Actor Rip Torn, star of Men in Black and Air NZ safety video, dies aged 88

Award-winning television, film and theatre actor Rip Torn has died at the age of 88, according to his publicist.

Rip Torn. Source: Getty

Torn was most famous for his role in the Men in Black movies, where he appeared as Agent Zed alongside Will Smith and Tommy Lee Jones.

He reprised the role for Air New Zealand's All Blacks themed safety video in 2015.

Torn also starred in a number of Broadway shows during his long and varied career, as well as cult comedy films Dodgeball and Freddy Got Fingered.

Torn died Tuesday afternoon (local time) at his home with his wife, Amy Wright, and daughters Katie Torn and Angelica Page by his side, according to his publicist Rick Miramontez. No cause of death was given.

His career on stage and screen spanned seven decades, ranging from an early career of dark, threatening roles to iconic comedic performances later in life.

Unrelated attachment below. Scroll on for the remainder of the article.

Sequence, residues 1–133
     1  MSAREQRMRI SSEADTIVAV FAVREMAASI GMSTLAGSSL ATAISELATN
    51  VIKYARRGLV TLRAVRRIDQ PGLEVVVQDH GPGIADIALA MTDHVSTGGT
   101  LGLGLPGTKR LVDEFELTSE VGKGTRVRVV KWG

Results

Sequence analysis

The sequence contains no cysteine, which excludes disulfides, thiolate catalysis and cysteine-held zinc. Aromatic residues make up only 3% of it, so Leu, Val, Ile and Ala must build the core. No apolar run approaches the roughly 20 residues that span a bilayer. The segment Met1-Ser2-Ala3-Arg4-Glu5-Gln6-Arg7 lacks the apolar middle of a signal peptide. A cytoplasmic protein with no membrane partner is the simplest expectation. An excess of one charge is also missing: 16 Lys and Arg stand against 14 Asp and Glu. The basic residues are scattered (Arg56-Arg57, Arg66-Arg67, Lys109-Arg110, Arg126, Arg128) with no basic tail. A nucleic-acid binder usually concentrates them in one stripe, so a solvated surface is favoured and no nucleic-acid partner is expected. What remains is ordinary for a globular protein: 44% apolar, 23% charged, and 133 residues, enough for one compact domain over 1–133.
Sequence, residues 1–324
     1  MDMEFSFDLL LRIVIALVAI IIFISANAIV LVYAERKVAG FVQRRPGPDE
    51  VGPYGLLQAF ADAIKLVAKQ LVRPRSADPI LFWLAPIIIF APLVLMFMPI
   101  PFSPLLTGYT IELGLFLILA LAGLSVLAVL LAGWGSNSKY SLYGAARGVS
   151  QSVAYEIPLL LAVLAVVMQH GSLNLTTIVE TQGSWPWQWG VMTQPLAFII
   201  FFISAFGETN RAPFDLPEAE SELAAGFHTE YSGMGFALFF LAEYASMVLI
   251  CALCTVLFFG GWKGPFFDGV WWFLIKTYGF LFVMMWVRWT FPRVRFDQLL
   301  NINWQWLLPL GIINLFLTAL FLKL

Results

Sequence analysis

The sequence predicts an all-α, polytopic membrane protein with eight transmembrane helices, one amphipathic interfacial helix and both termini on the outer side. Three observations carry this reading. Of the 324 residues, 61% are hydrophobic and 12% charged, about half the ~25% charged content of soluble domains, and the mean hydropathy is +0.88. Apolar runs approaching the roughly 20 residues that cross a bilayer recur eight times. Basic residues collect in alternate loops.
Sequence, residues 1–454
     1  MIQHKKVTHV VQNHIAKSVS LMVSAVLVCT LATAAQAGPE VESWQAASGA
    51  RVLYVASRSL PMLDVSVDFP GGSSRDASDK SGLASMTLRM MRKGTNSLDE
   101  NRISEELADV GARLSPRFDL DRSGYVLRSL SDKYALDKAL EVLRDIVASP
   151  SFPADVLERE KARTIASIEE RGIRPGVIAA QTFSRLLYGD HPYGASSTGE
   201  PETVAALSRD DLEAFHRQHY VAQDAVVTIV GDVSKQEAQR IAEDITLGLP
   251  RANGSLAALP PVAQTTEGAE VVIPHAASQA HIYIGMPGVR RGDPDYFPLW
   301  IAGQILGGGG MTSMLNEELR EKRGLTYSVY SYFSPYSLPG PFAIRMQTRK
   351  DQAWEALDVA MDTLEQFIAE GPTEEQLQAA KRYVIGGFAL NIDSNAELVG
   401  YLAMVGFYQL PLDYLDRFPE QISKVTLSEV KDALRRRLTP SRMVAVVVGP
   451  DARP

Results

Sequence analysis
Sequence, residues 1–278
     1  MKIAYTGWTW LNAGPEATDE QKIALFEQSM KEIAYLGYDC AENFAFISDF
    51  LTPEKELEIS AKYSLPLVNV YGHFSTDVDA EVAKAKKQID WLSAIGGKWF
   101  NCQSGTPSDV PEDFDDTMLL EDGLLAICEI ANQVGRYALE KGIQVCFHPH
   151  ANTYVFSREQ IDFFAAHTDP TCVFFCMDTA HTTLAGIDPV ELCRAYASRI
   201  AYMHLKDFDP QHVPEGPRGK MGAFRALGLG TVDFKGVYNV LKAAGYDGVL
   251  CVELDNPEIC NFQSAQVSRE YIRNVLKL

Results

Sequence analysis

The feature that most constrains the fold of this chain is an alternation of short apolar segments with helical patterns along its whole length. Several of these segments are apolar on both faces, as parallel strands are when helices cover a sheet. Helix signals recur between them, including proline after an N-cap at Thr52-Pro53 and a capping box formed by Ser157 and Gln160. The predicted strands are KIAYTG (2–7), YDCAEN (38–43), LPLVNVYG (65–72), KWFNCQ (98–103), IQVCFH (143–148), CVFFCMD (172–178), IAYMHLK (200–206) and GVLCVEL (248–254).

After acclaimed performances in Cross Creek, 'Sweet Bird of Youth and other dramas, Torn turned to comedy to capture his Emmy as the bombastic, ethically challenged television producer in The Larry Sanders Show.

Created by and starring Garry Shandling, HBO's spoof of TV talk shows aired from 1992 to 1998 and is widely credited with inspiring such satirical programs as 30 Rock and Curb Your Enthusiasm.

Born Elmore Rual Torn, the actor adopted the name Rip in his boyhood, following the tradition of his father and uncle. It was the subject of endless ridicule during his early days as a stage actor in New York, and fellow drama students urged him to change it.

With customary stubbornness, he refused, eventually overcoming the jokes with a series of powerful performances that led to his being regarded, along with Marlon Brando, Paul Newman and James Dean, as actors of a postwar generation who brought tense realism to their craft.

He was also a political activist who joined James Baldwin, Harry Belafonte and other cultural and civil rights leaders for a frank and emotional 1963 meeting with then-Attorney General Robert F. Kennedy about the country's treatment of blacks.